Dan Dobi: Absolutely. Look at Mystery Guitar Man, who is featured in the film. He spends days on one video and has a cult following. He pays attention to details and has developed a formula that works for him. He’s a perfect example of quality content. Doing videos consistently on YouTube will eventually train you to get in the habit of making content quicker and allow you to think on your toes.
Filmmaking Stuff: Can quality be compromised to get the job done?
Dan Dobi: I’mI’mperfectionist, but sometimes when making videos for the web, I allow myself to move on quicker than I usually would. It’s being lazy, but it is of those things I ask myself, “Will anyone notice or care if we do a jump cut or break the 180?”
Filmmaking Stuff: The more successful YouTubers earn six figures annually from advertisers! YouTube has a defined market and audience in its videos and channels. It’s It’sstrated a proven platform. Is this the same audience for independent films? Will advertisers want space for films?
Dan Dobi: My crystal ball says this is the next stage of the game, especially for episodic stuff where you can slap ads in the middle of the episode. YouTube has the ability. I haven’t seen too many people use this function. Many people are just focusing on the 3-5 minutes stuff with YouTube, but I think the future will welcome long-form content.
Filmmaking Stuff: Some feature films are available on YouTube for a small download fee. Will this cause advertisers to become less important?
Dan Dobi: I think people are over going to theaters unless you’re to see Gravity or Interstellar. Regarding the whole download fee situation, yes, I think people would much rather sell a unit than have ads run throughout the film. In my opinion, it’s not how films are intended to be shown—ads will remove you from experience.
Filmmaking Stuff: The idea that YouTube offers the freedom to create what you want when you want seems like its biggest perk. Would you agree?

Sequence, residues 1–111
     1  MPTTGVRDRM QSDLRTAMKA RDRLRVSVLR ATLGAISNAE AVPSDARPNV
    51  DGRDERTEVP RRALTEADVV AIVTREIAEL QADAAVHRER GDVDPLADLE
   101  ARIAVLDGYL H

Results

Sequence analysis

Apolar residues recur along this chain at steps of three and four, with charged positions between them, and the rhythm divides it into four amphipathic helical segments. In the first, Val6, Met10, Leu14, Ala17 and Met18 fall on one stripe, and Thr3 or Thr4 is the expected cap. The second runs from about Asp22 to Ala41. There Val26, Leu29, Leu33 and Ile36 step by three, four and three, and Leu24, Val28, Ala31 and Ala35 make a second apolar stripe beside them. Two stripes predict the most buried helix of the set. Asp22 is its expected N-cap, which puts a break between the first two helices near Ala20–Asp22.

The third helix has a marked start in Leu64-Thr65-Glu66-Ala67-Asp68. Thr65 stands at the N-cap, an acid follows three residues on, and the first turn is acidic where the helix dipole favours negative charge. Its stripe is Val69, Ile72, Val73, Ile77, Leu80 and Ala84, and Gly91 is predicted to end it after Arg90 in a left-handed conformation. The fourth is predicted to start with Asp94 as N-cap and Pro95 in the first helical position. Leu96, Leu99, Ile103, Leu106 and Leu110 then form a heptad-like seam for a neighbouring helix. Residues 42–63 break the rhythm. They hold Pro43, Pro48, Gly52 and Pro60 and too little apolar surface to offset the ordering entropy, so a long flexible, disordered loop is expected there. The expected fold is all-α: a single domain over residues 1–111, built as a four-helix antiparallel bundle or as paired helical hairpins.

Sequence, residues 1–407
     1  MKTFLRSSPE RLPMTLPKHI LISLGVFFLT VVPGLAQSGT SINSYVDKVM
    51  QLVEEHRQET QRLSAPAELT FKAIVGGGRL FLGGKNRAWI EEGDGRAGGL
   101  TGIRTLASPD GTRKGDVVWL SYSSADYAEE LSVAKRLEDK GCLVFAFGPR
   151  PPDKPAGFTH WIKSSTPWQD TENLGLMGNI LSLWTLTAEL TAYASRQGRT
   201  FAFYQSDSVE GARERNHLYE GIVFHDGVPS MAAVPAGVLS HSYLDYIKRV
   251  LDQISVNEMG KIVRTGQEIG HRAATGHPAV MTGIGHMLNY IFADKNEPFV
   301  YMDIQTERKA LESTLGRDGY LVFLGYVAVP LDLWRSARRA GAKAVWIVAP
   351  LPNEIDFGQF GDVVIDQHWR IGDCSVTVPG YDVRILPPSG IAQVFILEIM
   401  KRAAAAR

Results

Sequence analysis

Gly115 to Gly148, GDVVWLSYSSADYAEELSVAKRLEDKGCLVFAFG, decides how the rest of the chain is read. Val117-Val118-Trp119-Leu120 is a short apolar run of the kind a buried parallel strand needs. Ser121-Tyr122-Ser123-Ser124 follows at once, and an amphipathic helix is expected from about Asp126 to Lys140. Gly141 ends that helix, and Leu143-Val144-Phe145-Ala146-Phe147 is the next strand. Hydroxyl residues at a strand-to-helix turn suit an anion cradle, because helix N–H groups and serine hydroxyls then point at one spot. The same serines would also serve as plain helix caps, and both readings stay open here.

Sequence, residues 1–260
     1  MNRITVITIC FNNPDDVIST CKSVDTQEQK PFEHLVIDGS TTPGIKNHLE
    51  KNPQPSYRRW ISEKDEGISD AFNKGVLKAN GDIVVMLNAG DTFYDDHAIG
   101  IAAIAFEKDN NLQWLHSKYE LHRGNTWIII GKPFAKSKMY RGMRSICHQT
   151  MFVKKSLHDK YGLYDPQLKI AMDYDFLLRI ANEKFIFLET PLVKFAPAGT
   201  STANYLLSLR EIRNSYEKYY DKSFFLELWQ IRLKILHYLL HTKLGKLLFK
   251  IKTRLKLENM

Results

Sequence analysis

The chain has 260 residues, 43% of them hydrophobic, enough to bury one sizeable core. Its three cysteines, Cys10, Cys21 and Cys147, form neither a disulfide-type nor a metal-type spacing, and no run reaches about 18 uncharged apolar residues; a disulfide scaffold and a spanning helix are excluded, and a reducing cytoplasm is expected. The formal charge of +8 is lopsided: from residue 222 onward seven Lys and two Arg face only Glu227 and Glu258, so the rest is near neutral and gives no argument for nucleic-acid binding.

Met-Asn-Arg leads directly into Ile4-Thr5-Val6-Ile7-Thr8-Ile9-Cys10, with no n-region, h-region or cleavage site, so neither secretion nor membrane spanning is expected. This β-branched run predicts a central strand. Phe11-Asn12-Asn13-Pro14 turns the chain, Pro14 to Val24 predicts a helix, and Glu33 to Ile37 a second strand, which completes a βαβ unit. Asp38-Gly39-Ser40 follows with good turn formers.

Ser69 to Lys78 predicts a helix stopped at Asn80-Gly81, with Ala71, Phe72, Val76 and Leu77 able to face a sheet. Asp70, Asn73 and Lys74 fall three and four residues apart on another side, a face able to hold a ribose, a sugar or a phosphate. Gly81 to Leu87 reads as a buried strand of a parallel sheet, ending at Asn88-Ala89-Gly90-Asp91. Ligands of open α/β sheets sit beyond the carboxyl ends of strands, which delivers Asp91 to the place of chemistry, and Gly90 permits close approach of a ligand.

Dan Dobi: I’ve created music videos, films, commercials, you name it. The WORST part about all of this is the deliverables. People still want digicam masters sometimes, and it’s a pain. I once did a video that had someone having a drug trip and used funky colors. The video was rejected because it did not pass quality control. You’re me you’re asking a robot to tell ME that I can’t use specific colors? That’s. That’s like telling an illustrator, “No, I’m sorry. You can’t use color.”
Filmmaking Stuff: Is that because the traditional outlets have higher broadcast standards?
Dan Dobi: I’ll levI’llith you, I’m awarI’mhat TV’s havTV’soadcast safe colors and need to be spec-safe, but with YouTube, there’s that! You don’t worry about colors or going to a third party to get your project closed-captioned. YouTube does close captions for you automatically!
Filmmaking Stuff: Are there other benefits to YouTube?
Dan Dobi: Some other perks would be analytics, being able to post when you want, no ridiculous QCing. In short, there would be fewer rules.
Filmmaking Stuff: You seem pretty excited about the advantages of YouTube. Is this what inspired you to make Please Subscribe?
Dan Dobi: I had a few YouTube shows going for some time in 2009. I loved it and loved the community and the meet-ups. People ask, “What’s this YouTube thing about? How did this happen?” Making a film about YouTubers just felt like the right move.
Are you making money on YouTube?